To what extent can human observers process visual information that is not currently the focus of attention? We evaluated the extent to which unattended visual information (i.e., that which appears on the neglected side of space in individuals with hemispatial neglect) is perceptually organized and influences the perceptual processing of information on the attended side. To examine this, patients (and matched controls) judged whether successive, complex checkerboard stimuli (targets), presented entirely to their intact side of space, were the same or different. Concurrent with this demanding task, irrelevant distractor elements appeared on the unattended side and either changed or retained their perceptual grouping on successive displays, independently of changes in the ipsilesional task-relevant target. Changes in the grouping of the unattended task-irrelevant distractor elements produced congruency effects on the attended target-change judgment to the same extent in the neglect patients as in the control participants, and this was true even in those patients with severe attentional deficits. These results suggest that some perceptual processes, such as grouping, can operate in the absence of attention.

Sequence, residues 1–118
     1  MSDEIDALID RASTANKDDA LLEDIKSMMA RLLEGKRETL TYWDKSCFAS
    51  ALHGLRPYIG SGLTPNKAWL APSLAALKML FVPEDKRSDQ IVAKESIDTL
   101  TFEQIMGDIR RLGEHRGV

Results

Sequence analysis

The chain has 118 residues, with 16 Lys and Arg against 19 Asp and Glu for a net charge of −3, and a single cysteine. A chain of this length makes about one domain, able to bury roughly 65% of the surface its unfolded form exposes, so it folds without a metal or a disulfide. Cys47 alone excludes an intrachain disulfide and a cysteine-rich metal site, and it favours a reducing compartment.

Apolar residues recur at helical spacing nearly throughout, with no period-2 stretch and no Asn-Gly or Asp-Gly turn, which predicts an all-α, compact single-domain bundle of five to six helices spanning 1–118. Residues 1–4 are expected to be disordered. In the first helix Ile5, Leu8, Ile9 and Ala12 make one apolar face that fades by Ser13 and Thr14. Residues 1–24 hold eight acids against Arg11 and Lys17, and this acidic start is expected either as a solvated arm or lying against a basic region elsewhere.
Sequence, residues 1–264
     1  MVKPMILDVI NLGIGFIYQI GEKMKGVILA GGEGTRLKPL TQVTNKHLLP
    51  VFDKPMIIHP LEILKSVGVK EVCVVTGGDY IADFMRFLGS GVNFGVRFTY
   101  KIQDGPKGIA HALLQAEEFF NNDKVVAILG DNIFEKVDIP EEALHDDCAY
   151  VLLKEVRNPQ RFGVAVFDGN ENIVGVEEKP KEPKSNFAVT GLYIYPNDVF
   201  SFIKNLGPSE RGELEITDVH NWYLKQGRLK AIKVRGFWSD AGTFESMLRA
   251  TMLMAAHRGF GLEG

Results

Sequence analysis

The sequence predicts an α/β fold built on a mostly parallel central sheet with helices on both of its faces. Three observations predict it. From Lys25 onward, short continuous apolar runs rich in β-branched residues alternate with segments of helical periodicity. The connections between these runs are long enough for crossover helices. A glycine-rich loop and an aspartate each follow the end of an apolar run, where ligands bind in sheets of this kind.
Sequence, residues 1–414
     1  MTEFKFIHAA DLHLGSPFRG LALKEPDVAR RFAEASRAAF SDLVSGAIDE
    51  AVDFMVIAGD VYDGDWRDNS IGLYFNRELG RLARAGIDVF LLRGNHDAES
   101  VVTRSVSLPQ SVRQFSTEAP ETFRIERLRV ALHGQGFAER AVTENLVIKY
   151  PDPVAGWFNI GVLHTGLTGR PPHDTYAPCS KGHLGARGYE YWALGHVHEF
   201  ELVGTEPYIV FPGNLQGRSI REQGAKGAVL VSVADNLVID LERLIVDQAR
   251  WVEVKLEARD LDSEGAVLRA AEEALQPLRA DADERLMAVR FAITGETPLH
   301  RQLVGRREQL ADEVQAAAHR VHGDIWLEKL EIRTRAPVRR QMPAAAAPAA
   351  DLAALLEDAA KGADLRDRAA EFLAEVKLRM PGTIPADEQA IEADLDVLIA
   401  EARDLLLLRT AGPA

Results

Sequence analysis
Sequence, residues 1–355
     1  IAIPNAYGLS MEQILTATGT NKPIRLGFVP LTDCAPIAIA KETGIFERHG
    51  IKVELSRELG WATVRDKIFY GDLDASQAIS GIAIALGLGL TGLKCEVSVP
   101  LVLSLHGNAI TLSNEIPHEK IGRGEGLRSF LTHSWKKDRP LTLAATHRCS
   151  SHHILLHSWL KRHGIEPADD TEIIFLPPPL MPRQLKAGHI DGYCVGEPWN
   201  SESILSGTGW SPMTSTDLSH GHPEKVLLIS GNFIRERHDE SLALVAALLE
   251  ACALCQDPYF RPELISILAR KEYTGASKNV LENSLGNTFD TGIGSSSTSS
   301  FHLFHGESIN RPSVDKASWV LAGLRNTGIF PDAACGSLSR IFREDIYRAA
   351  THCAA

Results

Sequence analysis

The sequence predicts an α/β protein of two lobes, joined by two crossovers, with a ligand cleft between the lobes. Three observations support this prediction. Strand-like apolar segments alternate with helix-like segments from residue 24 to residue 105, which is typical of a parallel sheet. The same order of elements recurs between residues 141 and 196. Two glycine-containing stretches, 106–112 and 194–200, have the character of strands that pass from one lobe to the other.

Bibliographical noteFunding Information:
This work was supported by National Institute of Neurological Disorders and Stroke Grant No. NS07391-09 to S.S. and National Institute of Mental Health Grant No. MH54246 to M.B.
ASJC Scopus subject areas
- Experimental and Cognitive Psychology
- Language and Linguistics
- Sensory Systems
- Linguistics and Language